Share this page

Shakespeare's First Folio

Learn more about the First Folio of Shakespeare's plays, published in 1623

From the Wheler First Folio Page 277. The Winter’s Tale, Title page.
The Wheler First Folio

The book often referred to as The First Folio was published in 1623, 7 years after the death of William Shakespeare. It's a collection of 36 of Shakespeare's works and was brought together by two of his friends, John Heminges and Henry Condell under the full title of:

Mr. VVilliam Shakespeares comedies, histories, & tragedies. Published according to the true originall copies.

As a tribute to their friend, Heminges and Condell wanted to put forward the best possible version of Shakespeare's plays, so they used original prompt books, quartos, and original notes to collate the final collection. 

This was the first printed folio to exclusively contain plays, including the first good texts of The Merry Wives of WindsorHenry Vand Henry VI Part 2 and Henry VI Part 3. A different version of Hamletwhich had already appeared in a 'good' quarto, was also included. Pericles and Two Noble Kinsmen are left out, while Troilus and Cressida does feature, despite not being listed on the contents page. Presumably, it was included at the last minute after copyright problems. 

Without the First Folio, half of Shakespeare's plays would have been lost to us today, as they had not previously been published in quarto form. These plays are as follows

The plays were arranged into Comedies, Histories and Tragedies. Between 750 and 1,000 copies were printed and about 230 of these have survived. Corrections were often made during the printing process and no pages were discarded, so each copy is unique. This has been known to come in handy for identifying and recovering a stolen copy of the First Folio. They each contain their own mistakes, and no copy contains all pages in their final state. In 1623 they were sold for £1 if bound (enough to buy 44 loaves of bread), and 15 shillings if unbound. 

Ashburnham First Folio 1623
Ashburnham First Folio 1623

First Folios in the Shakespeare Birthplace Trust library

In our library at the Shakespeare Birthplace Trust we look after three copies of the First Folio, all of which were rebound in the nineteenth century: the Ashburnham Folio, the Wheler Folio, and the Royal Shakespeare Company's Folio

Very few Folios have their original title page. Our copies now have facsimile pages, as the page featuring the Droeshout portrait was popularly removed in the 18th and 19th centuries and displayed elsewhere. By the late 18th century, demand was growing for owning a complete folio, so defective copies were often broken up to fill in gaps in owners' copies. 

It became common for owners to use a copyist, the most successful being John Harris (c.1790-1872), who hand-copied in pen and ink the exact typography and engravings within books. He often did not know his own work from the original when he had finished! The title page of our copies of the First Folio are his copies.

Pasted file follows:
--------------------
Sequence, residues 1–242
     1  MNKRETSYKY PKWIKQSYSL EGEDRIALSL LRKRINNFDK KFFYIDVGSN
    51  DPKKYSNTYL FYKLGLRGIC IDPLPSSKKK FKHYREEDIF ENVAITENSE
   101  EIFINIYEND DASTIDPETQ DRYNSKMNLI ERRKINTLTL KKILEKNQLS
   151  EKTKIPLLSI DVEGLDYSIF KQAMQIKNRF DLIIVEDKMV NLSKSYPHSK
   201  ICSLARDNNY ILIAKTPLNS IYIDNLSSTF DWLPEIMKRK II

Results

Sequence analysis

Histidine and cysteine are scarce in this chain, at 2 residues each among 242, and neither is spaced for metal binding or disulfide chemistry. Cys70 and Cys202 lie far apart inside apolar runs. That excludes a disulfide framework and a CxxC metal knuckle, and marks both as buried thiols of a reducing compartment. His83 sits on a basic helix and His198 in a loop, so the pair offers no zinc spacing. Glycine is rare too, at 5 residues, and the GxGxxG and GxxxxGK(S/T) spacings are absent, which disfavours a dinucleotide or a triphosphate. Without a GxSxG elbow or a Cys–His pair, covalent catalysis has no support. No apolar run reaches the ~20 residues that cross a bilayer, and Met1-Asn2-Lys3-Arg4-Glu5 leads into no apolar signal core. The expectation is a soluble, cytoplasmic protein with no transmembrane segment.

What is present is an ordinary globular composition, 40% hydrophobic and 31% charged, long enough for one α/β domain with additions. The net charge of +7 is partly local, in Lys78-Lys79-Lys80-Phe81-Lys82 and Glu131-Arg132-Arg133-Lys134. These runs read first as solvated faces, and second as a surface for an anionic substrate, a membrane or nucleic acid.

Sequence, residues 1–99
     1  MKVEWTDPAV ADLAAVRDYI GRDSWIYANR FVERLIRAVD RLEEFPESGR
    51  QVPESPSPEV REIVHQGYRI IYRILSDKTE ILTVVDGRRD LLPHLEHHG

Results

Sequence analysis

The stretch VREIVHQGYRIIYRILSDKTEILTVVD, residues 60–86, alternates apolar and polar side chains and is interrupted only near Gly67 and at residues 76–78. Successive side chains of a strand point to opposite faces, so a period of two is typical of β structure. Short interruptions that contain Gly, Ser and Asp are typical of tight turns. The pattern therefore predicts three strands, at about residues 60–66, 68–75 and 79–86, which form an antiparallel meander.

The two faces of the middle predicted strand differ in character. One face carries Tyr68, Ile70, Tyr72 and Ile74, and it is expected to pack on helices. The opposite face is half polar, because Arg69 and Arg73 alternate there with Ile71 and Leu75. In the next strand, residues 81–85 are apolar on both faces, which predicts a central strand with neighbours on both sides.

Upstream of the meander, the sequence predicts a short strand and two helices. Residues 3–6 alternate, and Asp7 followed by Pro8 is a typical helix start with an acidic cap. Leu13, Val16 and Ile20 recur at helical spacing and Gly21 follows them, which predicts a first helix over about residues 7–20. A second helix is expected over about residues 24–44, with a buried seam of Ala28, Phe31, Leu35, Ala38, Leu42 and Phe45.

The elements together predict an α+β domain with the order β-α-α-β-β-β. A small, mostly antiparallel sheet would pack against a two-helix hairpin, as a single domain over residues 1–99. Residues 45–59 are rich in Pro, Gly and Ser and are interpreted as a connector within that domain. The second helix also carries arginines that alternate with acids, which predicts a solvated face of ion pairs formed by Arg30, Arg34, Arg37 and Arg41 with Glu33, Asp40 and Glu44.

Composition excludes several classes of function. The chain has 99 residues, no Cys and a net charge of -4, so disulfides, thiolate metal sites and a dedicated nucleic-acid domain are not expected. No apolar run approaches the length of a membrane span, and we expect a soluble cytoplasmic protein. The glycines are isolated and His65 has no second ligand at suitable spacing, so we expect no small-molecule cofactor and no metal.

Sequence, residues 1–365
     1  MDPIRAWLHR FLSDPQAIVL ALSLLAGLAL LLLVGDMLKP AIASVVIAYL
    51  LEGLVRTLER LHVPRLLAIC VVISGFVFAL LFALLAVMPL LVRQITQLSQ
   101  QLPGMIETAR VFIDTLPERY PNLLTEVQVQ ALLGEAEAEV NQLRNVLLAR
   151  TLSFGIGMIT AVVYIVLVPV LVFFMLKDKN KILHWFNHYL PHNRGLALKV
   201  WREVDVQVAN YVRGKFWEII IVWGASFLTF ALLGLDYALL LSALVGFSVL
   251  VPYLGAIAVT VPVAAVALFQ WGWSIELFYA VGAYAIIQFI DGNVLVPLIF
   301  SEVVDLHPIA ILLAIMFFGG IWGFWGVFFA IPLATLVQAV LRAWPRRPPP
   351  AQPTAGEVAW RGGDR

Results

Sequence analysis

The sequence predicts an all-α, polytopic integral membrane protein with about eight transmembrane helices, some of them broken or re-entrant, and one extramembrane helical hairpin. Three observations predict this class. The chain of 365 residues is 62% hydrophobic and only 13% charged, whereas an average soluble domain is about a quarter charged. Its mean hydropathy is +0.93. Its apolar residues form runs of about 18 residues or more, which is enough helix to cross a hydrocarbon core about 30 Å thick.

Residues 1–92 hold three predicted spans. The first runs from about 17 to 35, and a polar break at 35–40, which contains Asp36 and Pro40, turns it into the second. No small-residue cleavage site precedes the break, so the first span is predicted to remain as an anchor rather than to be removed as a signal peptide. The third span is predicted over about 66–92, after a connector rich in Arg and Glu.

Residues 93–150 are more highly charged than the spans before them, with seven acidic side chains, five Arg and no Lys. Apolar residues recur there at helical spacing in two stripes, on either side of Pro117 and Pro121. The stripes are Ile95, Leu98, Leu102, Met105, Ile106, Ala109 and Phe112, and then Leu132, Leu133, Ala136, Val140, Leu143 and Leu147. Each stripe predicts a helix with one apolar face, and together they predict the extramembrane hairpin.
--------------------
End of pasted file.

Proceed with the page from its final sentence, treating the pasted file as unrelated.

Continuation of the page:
Often, previous owners have annotated their original pages with pictures of hands pointing at phrases they particularly like or giving instructions such as "stop" and "go on", suggesting that they have been used in readings. There is something pleasing about seeing that they have been used in this way, although annotating rare books is clearly more frowned upon nowadays!

Heminges and Condell included a message "To the Great Variety of Readers" at the beginning of the book:

To the great variety of Readers...from the Ashburnham First Folio, 1623

"From the most able, to him that can but spell: There you are number'd. We had rather you were weighed. Especially, when the fate of all books depends upon your capacities ; and not on your heads alone, but of your purses. ... And though you be a Magistrate of wit, and sit on the stage at Black-Friers, or the Cock-pit to arrange plays daily, know, these plays have had their trial already, and stood out all appeals; and do now come forth quitted rather by a Decree of Court, then any purchas'd Letters of commendation.

It had been a thing, we confess, worthy to have been wished, that the Author himself had liv'd to have set forth, and overseen his own writings; but since it hath been ordained otherwise, and he by death departed from that right, we pray you do not envy his Friends, the office of their care, and pain, to have collected and published them; and so to have publish'd them, as where (before) you were abus'd with diverse stolen and surreptitious copies, maimed, and deformed by the frauds and stealths of injurious imposters, that expos'd them: even those, and now offer'd to your view cur'd, and perfect of their limbs; and all the rest, absolute in their numbers, as he conceived the[m]. Who, as he was a happy imitator of Nature, was a most gentle expresser of it. His mind and hand went together: And what he thought, he uttered with that easiness, that we have scarce received from him a blot in his papers. ... Read him, therefore; and again, and again: and if you do not like him, surely you are in some manifest danger, not to understand him."

William Shakespeare also appears at the top of the list of actors, as another tribute to him.

This is where the story began